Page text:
Cornstarch: The Multi-UseThickening Agent


Cornstarch is the white powder obtained from the endosperm of the kernels of corn. It is mostly used as a thickening agent in soups, curries, sauces, and baked goods. Read on to learn why we always have a container of cornstarch in our pantry.  

History of Cornstarch

Cornstarch was first made in New Jersey, in 1844. However, until 1851, the primary use for cornstarch was in doing laundry and for industrial purposes, not for cooking. Today, many countries like the United States, India, China,  that farm corn on an industrial scale also produce cornstarch, and it is used worldwide.

Appearance Of Cornstarch

Cornstarch is a white powdery substance that has a smooth and silky texture. When used as a thickening agent, it is dissolved with liquid and gels once heated.

Image Credit: Flickr user wuestenigelCC BY 2.0 )

Flavor Of Cornstarch

Cornstarch is tasteless and odorless. The primary benefit of cornstarch is for changing the texture of dishes, not the taste.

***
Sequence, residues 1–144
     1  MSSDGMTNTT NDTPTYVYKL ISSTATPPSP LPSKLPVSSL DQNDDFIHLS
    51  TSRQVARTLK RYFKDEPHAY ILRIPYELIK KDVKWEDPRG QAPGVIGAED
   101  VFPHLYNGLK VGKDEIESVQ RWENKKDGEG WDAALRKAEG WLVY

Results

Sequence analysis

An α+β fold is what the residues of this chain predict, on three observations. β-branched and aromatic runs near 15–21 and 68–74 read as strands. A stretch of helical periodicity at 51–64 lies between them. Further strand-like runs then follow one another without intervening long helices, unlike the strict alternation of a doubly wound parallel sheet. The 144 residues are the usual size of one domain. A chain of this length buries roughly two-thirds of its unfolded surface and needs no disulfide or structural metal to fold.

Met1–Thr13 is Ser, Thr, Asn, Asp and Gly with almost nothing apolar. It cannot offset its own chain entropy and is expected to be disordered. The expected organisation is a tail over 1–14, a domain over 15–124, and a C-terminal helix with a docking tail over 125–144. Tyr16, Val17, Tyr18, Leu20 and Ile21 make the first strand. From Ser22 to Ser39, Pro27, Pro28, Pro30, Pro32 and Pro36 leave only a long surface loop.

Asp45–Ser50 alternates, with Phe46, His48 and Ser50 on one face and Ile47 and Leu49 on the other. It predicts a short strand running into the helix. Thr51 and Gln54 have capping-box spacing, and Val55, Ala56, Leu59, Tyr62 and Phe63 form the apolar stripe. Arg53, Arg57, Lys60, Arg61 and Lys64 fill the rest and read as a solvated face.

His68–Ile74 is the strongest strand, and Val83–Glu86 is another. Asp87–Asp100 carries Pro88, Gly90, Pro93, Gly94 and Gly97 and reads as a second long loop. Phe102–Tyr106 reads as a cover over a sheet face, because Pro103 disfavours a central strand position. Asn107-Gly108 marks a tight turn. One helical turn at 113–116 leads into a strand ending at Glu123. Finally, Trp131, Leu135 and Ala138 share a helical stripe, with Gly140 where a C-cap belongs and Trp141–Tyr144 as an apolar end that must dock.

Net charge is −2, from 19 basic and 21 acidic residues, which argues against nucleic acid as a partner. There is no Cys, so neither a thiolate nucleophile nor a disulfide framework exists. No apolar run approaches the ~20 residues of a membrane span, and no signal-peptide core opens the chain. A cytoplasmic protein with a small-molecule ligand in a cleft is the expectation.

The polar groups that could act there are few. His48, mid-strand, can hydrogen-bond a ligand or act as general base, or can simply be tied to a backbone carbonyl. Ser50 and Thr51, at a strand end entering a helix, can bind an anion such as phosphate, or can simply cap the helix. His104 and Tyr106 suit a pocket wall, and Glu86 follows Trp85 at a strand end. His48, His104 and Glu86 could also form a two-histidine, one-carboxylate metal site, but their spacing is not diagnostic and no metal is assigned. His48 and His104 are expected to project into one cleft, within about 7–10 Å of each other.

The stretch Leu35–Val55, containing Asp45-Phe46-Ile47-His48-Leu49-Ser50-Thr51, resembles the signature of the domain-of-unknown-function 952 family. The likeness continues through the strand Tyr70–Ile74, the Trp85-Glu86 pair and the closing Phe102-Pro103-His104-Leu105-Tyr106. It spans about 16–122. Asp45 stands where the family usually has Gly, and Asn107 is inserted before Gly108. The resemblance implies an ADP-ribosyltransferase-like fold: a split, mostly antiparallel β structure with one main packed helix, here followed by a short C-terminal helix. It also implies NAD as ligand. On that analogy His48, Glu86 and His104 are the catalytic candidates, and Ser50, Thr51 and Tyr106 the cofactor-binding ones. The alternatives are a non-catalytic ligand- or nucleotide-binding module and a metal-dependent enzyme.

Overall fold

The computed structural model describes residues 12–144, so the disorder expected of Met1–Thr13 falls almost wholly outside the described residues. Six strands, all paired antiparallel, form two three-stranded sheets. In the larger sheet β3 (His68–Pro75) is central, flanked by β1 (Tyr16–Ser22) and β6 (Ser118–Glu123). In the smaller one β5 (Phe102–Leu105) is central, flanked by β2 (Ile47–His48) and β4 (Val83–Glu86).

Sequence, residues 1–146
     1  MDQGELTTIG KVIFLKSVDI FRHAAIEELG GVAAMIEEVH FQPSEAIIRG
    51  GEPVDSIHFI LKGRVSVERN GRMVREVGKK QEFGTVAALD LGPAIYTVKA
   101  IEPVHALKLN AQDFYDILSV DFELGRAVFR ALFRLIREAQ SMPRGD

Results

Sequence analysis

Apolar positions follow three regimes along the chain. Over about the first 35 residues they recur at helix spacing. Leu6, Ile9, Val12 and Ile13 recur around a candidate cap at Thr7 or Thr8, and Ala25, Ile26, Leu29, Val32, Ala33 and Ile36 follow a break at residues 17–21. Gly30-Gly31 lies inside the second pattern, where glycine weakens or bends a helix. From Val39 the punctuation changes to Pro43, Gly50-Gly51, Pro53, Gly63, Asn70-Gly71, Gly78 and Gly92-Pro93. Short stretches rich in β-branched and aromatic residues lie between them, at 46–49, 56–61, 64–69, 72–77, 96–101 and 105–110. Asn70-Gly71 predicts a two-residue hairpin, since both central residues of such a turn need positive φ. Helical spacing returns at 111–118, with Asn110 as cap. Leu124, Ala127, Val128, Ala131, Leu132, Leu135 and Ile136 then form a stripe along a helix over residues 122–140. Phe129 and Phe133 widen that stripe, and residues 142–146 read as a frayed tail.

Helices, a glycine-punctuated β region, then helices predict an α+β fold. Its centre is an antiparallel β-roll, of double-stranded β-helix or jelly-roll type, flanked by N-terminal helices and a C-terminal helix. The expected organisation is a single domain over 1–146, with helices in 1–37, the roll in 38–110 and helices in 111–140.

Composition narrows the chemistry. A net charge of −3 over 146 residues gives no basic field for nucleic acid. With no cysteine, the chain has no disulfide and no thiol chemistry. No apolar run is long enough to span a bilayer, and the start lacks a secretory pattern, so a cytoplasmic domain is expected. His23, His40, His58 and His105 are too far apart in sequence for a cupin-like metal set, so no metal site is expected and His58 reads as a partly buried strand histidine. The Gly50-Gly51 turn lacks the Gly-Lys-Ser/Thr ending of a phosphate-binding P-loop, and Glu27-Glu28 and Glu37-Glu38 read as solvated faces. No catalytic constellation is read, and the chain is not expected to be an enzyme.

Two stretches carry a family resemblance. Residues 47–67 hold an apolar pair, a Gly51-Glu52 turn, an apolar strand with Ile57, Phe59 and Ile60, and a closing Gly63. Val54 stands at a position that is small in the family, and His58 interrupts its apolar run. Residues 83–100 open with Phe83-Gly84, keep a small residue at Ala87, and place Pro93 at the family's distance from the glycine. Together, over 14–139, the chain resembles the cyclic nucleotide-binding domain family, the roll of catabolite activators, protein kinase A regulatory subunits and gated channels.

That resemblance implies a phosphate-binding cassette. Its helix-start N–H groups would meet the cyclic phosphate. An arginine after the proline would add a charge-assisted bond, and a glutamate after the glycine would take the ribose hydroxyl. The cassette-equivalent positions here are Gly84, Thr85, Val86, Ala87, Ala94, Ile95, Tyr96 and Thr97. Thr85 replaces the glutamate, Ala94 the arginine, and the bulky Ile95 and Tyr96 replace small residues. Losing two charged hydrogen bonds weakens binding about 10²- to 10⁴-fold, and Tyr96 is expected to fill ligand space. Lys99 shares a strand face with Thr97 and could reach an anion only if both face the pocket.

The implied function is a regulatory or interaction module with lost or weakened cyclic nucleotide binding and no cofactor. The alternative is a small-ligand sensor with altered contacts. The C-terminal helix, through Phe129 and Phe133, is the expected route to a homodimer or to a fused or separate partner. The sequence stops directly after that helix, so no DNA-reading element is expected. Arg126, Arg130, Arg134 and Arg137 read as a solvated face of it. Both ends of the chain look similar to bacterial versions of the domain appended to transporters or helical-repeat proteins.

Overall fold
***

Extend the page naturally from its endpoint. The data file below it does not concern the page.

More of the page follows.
Culinary Benefits

The primary use of cornstarch in the kitchen is as a thickening agent. Just mix a few teaspoons of cornstarch in half a cup of water and add it to your curries, soups, or sauces to give the dish a thicker mouthfeel.  The amount of cornstarch can be changed according to the quantity of your dish. 

For an easy breakfast try our recipe for baked apple oatmeal. We add cornstarch to the sliced apples to help gel and hold the apples together when they cook. We then spoon the rich apple sauce over the oatmeal for a delicious start to your day. 

Wondering about some creamy pasta or noodles? You can make pasta and just add cornstarch mixed with water to thicken the sauce and your creamy pasta is ready. If you are a pasta and seafood lover, then the shrimp and pasta recipe will be a delight for you!

Cornstarch is an essential ingredient when making custard to give it a smooth, creamy texture. Try our recipe for crema catalana, which relies on eggs and cornstarch to give it its signature texture. Flavored with cinnamon, vanilla, and lemon peel, this creamy custard is a treat. 

You can also use cornstarch as a coating for paneer, tofu, chicken, or any variety of vegetable. Cornstarch helps to absorb moisture, making fried foods crispier.  Check out this delicious sweet and sour chicken recipe.


Cornstarch has an infinite shelf life. Store the cornstarch in a cool dry place, away from the moisture. Use an air-tight container with a seal or in a resealable plastic bag. 

Feature Image: Anita Szilagyi from Pixabay 

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